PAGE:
AS people across the Midhurst and Petworth area battle the devastation of flooding, a leading engineer has called for tougher government measures to prevent a repeat of their nightmare
Dr Tim Fox, head of energy and environment at the Institution of Mechanical Engineers said extreme weather was likely to occur more frequently in the future which would ‘significantly threaten’ the country’s existing infrastructure.
Tough government regulation should be put in place to ensure it was brought up to standards which could cope, he warned.
“Government cannot solely rely on companies and organisations voluntarily spending money and resources on adapting their infrastructure to be more resilient without regulatory intervention,” said Dr Fox.
His call has been backed by Iping villagers who were flooded out of their homes when the River Rother burst its banks over Christmas.
Seven households had to be rescued by the fire service in boats when six feet of water cascaded into their houses.
It was the worst flooding villagers could remember.
Jacquie Broadway told the Observer: “It’s not good enough to say if you buy a house on a flood plain, it’s up to you.
“Thousands of people have been flooded recently. I believe the Environment Agency would like to do more to help us, but they are restricted by government.”
Dr Fox said the current flooding across the country illustrated the urgent need for ‘substantially’ more work to be done to increase the country’s resilience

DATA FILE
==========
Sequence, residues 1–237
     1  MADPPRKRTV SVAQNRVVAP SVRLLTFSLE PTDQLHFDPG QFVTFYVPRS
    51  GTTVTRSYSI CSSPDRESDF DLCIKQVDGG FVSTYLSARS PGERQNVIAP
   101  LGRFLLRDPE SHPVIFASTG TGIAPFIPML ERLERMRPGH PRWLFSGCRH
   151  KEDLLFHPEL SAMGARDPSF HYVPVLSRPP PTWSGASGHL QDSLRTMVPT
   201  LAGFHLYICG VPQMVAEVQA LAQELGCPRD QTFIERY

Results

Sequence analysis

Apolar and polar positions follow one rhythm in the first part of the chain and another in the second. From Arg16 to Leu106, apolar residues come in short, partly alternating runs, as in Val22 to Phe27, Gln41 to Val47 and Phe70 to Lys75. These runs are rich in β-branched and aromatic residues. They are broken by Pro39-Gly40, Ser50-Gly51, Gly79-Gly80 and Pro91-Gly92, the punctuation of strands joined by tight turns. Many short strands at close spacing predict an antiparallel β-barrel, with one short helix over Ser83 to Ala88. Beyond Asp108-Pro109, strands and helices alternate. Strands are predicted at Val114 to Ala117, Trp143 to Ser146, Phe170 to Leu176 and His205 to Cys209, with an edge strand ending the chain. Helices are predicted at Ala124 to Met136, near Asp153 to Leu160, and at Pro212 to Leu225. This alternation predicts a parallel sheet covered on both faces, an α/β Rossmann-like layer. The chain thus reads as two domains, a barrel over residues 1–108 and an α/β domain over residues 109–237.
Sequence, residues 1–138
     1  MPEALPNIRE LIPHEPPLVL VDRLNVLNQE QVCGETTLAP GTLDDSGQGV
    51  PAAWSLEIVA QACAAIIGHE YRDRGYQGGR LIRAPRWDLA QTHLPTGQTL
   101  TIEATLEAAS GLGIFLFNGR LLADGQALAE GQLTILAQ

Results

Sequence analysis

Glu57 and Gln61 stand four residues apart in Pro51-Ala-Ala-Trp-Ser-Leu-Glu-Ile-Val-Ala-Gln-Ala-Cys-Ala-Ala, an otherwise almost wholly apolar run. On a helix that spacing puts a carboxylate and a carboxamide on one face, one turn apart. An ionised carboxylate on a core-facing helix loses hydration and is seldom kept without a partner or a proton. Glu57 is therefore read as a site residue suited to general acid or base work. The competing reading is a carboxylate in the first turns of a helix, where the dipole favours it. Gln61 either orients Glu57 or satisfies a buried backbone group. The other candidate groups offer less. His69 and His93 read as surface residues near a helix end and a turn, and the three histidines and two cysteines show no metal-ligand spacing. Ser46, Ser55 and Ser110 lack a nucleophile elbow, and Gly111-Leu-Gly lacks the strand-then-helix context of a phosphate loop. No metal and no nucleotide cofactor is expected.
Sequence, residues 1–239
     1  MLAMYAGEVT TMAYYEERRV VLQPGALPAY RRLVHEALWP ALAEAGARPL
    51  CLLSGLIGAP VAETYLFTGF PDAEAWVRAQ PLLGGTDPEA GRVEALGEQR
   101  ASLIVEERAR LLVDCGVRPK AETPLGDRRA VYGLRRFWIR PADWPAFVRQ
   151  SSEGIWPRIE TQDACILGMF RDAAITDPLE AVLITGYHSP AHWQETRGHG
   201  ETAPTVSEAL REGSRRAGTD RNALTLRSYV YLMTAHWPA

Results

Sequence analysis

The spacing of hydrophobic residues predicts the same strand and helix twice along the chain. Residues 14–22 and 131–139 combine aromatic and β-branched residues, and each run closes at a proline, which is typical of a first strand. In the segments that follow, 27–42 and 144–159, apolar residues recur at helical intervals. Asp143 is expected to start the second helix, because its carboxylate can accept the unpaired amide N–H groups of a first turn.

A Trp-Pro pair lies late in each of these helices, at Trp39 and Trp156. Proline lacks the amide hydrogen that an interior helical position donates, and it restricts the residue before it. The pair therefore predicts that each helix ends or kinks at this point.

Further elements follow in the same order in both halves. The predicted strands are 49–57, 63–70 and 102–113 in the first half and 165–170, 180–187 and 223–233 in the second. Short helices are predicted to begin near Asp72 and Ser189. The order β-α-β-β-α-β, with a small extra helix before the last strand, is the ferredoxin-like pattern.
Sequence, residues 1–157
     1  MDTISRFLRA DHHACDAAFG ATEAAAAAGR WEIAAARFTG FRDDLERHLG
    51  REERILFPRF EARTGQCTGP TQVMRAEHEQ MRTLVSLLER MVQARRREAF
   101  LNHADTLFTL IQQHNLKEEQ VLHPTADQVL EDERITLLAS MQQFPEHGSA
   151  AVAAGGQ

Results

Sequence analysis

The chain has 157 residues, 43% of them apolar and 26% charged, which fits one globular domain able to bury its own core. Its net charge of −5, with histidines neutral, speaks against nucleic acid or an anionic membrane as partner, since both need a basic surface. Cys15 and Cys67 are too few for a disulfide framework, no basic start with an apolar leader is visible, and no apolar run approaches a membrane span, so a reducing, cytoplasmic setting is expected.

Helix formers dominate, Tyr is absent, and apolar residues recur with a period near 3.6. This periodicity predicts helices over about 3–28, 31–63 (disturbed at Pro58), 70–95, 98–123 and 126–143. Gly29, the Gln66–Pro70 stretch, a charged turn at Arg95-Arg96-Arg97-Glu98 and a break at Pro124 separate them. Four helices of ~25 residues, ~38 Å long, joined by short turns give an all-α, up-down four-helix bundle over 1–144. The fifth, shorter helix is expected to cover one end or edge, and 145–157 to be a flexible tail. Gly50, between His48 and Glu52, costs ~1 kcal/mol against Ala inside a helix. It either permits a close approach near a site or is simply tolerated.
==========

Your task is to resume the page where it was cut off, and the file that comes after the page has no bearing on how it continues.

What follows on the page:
“The sooner we adapt the engineered systems that provide our energy, water, drainage, transport and communications, as well as our villages, towns and cities, the better.
“Not only will this potentially help save lives and livelihoods, as well as reduce the widespread failures and disruption we’ve seen recently, but could also prove cheaper in the long-term.
Where improvement were not or viable, Dr Fox said: “The infrastructure should be replaced and if necessary relocated.”
But he warned that there would be heavy costs involved and “it is unlikely that society will be prepared to bear the cost of a fully resilient country.”
There should, he said be: “an honest dialogue with the public that future-proofing our country against heavy rainfall, increased storminess, rising sea-levels and higher temperatures, while cheaper in the long-term, comes with substantial associated up-front costs.”
Where members of the public were not prepared to pay, warned Dr Fox they may have to put up with poor services and “accept periods of reduced service from infrastructure during times of extreme weather or sea-level related disruption. We need to be realistic.”